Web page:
Locus of control is where you believe the control in your life comes from. When you have an external locus of control, you see people or factors outside of yourself as ‘controlling’ your life. Conversely, having an internal locus of control means that you believe you have some control over the events in your life. You know you can’t influence everything, but you believe you can manage your own actions and thinking processes.


So how can you operate from an internal locus of control? Here are four tips I give students in my Positive Psychology training courses:

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Control emotions so they don’t control you

Have you ever said something in anger that you later wish you could take back? When you act on your emotions too quickly, you often make decisions that you later regret.

Your emotions are connected to key drives in your psych. They can seem to creep up without warning and completely take over. Emotion regulation allows you to recognise and manage your feelings so they don’t drive your behaviour.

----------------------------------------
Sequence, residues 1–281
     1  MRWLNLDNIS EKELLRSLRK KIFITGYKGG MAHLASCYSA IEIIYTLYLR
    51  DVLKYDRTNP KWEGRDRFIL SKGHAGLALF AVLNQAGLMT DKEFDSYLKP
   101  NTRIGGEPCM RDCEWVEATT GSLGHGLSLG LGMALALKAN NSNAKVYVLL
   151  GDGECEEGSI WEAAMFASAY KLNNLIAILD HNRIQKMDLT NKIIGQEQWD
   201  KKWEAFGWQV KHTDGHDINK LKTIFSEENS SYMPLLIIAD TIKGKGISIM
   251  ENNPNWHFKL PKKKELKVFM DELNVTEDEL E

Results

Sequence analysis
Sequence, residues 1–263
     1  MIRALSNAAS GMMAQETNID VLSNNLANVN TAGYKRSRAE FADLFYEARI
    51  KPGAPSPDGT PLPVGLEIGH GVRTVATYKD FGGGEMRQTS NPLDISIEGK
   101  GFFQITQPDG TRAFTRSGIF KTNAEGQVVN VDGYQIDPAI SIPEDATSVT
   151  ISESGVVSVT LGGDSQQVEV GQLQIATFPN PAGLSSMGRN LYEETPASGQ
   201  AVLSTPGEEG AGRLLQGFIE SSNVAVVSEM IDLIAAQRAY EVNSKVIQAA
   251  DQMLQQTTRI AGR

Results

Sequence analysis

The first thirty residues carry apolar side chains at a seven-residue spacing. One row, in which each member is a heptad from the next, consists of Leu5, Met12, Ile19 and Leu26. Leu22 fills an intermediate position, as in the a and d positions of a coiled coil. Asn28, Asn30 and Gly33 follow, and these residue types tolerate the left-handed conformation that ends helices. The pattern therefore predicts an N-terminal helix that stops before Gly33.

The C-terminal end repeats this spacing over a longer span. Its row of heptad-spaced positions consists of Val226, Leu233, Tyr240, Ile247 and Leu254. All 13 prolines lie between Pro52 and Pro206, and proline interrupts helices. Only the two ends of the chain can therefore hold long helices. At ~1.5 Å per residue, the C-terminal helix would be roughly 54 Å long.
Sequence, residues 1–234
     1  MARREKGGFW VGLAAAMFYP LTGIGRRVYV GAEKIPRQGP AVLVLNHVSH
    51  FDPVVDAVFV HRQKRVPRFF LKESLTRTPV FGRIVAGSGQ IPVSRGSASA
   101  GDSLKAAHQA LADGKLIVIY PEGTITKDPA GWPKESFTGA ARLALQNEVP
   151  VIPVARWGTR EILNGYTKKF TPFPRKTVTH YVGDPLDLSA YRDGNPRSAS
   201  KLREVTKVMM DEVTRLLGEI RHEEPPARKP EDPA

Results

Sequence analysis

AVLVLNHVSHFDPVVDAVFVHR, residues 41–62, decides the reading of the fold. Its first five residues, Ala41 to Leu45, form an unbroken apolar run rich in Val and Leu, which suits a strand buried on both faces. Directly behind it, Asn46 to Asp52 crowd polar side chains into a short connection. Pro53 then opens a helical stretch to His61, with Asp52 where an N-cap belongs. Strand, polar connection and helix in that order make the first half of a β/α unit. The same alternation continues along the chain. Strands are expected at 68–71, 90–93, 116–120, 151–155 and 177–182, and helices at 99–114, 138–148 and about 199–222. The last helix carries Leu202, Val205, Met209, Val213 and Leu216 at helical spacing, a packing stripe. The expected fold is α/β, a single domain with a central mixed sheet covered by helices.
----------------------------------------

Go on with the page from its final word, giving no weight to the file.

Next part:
Emotional Intelligence expert Daniel Goleman has shown that emotion regulation is one of four key skills that contribute to professional success. Like any other skill, emotion regulation takes time and practice.

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Improve your relationships with ONE skill

When a relationship has soured, how do you turn it around? The answer is to give positive attention to the other person.  

Humans need positive attention in the same way we need air. Like oxygen, positive attention is essential to both our physical and mental well-being. The key to positivity in any relationship is active constructive communication. To be active constructive, you need to show genuine interest. For example, you might ask for more information or say, “Wow, that sounds like a surprise…” 

To respond in active constructive mode, react to others’ bids for attention in positive ways. You also need to bid for their attention – but in ways that build the relationship. There are four simple ways to do this.  

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Let’s look back as well as forward this New Year’s Eve

As December ends and January begins, how will you mark the transition to a new year? Many of us “celebrate the New Year.” We mark those celebrations with parties and toasts to the upcoming year. The more serious of develop plans, otherwise known as New Year’s resolutions. And all of us hope that the next 12 months are going to be special. Looking at these New Year rituals through the eyes of an anthropologist, something strikes me. These celebrations are all about looking forward and leaving the past 12 months behind.